Professor, Coordinator of the MESPOM Consortium
SEA and strategy formation theories: from three Ps to five Ps
Summary, in English
strategic—change. Much of the promise of SEA is associated precisely with its perceived capacity to facilitate
such a strategic transformation by influencing selected ‘strategic decisions’. This paper examines the potential
effectiveness and limitations of such an approach in light of contemporary organizational strategy theories. Most
of these theories separate ‘strategies’ from ‘decisions’ and also transcend the notion of strategies as formal plans,
policies and programs (PPPs). Instead, they consider strategies as “five Ps”, adding “Position”, “Perspective”,
“Pattern” and “Ploy” to the “Plan”. Lessons from organizational strategy formation give rise to the following
challenges for SEA theory and practice:
1. How to assess and influence informal as well as formal aspects of strategic initiatives?
2. How to extend SEA ‘beyond decisions’ to address ‘emergent strategies’ where strategic action is not
necessarily preceded by a decision?
3. How to ensure that knowledge provided as a result of SEA is strategically relevant and communicated to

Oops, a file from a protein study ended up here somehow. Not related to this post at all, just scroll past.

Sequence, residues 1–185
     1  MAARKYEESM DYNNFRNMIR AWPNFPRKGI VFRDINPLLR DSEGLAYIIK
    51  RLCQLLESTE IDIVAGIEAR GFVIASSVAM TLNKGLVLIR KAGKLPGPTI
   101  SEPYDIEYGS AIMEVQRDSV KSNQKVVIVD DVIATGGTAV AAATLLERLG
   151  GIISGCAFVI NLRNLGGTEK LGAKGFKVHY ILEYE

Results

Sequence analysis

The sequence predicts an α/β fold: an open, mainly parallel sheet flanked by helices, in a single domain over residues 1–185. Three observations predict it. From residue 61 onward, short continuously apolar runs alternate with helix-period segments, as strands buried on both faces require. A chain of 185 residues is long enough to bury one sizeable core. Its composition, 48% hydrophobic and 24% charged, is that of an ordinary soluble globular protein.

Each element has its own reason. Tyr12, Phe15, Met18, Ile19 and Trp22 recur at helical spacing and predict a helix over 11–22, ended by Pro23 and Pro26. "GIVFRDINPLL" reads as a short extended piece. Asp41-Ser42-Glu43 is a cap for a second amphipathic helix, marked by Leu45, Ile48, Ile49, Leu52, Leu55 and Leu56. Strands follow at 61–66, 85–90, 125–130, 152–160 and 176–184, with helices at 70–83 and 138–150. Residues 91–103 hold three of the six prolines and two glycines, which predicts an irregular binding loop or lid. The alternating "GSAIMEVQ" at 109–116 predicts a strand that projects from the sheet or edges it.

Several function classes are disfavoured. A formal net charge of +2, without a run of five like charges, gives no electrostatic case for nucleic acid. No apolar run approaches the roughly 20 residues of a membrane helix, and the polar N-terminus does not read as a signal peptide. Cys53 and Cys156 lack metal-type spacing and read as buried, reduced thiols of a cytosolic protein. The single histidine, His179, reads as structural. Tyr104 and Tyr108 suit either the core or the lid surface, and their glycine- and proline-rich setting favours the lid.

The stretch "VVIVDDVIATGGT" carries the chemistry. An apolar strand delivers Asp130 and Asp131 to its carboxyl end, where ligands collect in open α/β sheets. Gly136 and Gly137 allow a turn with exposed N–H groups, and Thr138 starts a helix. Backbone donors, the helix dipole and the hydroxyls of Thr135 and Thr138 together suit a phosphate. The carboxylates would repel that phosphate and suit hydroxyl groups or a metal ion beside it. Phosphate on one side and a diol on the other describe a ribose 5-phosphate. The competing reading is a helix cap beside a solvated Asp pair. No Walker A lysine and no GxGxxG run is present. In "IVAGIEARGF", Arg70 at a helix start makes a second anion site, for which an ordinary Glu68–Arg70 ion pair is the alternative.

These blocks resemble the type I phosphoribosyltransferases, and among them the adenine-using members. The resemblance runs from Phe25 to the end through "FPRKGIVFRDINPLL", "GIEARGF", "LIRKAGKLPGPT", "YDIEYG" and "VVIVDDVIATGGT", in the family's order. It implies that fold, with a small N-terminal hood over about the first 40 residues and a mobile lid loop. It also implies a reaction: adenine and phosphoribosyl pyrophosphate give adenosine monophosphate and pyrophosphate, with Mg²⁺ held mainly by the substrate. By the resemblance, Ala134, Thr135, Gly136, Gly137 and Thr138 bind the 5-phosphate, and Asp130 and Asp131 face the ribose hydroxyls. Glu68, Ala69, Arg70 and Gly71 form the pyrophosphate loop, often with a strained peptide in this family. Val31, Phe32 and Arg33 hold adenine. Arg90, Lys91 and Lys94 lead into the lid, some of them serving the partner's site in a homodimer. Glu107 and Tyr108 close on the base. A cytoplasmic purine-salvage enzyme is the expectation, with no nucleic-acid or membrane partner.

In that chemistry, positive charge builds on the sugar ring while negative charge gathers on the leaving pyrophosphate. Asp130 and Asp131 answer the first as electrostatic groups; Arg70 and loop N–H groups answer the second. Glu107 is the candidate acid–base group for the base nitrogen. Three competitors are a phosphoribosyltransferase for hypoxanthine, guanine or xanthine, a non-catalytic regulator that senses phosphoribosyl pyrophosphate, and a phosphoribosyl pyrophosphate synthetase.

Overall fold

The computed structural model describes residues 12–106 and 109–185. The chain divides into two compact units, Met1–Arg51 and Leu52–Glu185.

key players in strategy formation?
4. How to deal with an uncontrollable and unpredictable environment in which strategic initiatives unfold?
5. How to recognize those situations when SEA can have most strategic influence?
This paper takes a step towards examining these challenges by exploring the intellectual history of SEA
in light of the main strategy formation theories and by identifying directions in which the SEA discourse
may be further enhanced to meet these five challenges.
- The International Institute for Industrial Environmental Economics
Environmental Impact Assessment Review
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- Social Sciences Interdisciplinary
- Strategic initiatives
- Strategy formation theories
- Emergent strategy
- Environmental Assessment
- Strategic Environmental Assessment
- System for Environmental and Agricultural Modelling; Linking European Science and Society
- ISSN: 0195-9255